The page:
To initialize the weights everything I've read just says "use small random numbers". I couldn't find anything that noted what "small" meant exactly, so I used weights uniformly distributed between -0.1 and +0.1.

One interesting consequence of the symmetry in perspective I put into the framework is that it's easy to take a board from the perspective of player 0 and calculate the probability of a win, then flip perspective and calculate the probability again.

These two probabilities should of course sum to 1, but they do not in general. So I looked for a way to enforce that.

The easiest and most elegant way I found was to define a relationship between the weights. The details are slightly tricky and left as an exercise to the reader, but if you add constraints on the middle weights such that the weight for the reference player is negative the corresponding weight for the opponent, then the middle nodes flip properly. To get the output to respect the perspective shift you need one more constraint: all the output weights must sum to zero.

So these constraints effectively reduce the number of weights from M*196+M to M*98+(M-1). For M=40 this reduces the number of weights from 7,880 to 3,959. This should help speed up the numerical search.

I'm not sure whether other neural nets follow this same approach to reducing the number of weights based on enforced symmetry - I assume it's a pretty standard strategy though.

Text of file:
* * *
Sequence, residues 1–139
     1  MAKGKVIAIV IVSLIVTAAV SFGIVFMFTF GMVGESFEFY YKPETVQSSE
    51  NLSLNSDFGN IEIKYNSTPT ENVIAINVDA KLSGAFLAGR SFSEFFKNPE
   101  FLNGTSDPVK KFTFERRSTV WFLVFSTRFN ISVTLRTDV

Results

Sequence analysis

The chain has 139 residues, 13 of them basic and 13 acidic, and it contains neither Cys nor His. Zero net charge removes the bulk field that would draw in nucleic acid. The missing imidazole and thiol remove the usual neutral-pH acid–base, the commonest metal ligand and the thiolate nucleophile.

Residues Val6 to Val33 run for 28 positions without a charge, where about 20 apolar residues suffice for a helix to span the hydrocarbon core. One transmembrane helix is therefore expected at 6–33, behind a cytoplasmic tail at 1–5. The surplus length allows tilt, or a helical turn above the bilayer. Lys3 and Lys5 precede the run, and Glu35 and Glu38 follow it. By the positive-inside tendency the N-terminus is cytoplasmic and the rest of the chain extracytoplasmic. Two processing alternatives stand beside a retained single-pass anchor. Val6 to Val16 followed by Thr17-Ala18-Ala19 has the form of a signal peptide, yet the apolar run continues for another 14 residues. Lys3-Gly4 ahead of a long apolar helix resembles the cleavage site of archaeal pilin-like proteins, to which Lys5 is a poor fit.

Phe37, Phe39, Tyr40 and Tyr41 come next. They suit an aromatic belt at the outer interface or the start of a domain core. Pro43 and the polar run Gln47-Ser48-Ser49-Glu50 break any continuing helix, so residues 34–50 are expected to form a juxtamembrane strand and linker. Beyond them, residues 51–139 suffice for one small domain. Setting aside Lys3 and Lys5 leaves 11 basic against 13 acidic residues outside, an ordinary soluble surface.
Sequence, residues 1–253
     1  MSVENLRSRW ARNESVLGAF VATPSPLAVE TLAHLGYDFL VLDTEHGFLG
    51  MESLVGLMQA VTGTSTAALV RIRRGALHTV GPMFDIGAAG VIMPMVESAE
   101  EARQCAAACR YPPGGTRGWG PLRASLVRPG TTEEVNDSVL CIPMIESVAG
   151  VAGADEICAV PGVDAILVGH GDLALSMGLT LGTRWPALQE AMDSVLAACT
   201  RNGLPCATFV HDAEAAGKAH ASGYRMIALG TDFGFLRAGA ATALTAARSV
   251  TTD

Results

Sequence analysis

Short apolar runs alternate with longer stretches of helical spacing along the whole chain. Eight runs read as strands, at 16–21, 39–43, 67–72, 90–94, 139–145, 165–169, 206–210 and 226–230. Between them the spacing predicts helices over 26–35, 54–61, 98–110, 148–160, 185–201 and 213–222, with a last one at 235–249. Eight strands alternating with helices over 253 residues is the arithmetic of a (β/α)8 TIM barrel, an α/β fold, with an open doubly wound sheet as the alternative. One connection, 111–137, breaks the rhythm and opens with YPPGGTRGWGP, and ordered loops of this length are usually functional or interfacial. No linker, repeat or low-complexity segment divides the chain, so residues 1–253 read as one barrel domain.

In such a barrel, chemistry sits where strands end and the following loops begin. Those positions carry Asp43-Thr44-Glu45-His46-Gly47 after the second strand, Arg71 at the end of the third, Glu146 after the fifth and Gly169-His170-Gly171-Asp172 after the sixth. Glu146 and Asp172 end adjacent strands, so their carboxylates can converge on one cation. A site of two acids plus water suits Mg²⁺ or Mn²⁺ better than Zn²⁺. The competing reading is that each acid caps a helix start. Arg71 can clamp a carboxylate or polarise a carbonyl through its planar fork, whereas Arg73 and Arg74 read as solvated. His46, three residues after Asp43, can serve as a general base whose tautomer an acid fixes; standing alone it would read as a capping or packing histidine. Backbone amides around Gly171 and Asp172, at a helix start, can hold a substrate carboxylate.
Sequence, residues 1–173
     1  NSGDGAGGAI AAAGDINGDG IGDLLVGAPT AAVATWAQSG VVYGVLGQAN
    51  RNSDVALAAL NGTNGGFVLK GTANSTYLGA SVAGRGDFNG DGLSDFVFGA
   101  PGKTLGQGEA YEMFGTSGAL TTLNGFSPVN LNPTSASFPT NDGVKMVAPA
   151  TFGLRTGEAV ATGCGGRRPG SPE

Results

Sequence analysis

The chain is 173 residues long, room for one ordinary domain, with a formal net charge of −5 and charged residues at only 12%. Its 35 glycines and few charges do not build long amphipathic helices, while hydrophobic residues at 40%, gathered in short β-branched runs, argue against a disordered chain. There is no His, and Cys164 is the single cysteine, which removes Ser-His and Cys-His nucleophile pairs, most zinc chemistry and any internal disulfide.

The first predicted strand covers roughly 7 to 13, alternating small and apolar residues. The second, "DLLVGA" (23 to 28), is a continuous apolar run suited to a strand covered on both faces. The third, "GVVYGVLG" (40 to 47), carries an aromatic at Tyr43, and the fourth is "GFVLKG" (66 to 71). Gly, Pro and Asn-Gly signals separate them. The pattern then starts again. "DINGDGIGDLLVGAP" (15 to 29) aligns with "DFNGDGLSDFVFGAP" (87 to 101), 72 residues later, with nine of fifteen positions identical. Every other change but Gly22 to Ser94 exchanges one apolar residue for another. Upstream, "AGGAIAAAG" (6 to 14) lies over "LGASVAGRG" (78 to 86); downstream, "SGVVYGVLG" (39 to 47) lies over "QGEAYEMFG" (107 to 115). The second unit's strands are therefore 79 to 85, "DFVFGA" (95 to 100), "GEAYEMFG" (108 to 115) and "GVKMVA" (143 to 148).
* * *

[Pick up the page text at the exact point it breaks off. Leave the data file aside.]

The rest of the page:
Anyways, given the weights and the inputs (based on the board layout) you can calculate the hidden node values, and then use those to calculate the output, which represents the probability of a win (remember, any win - it doesn't distinguish between single wins and gammons/backgammons). That is exactly what the strategy returns as the boardValue.

For learning, I followed the usual approach. I did alpha splitting (so using alpha for the learning speed for the output weights, and another speed beta for the hidden node weights). My symmetry rules changed the equations a bit, since I need to only update half the hidden node weights, and the other half automatically update. Also you get another term in the expressions when you take the derivative of output with respect to a given middle weight. Similarly for the output weights, if you represent the constraint by making the final output weight equal the negative of the sum of all the previous ones.

To initialize the weights everything I've read just says "use small random numbers". I couldn't find anything that noted what "small" meant exactly, so I used weights uniformly distributed between -0.1 and +0.1.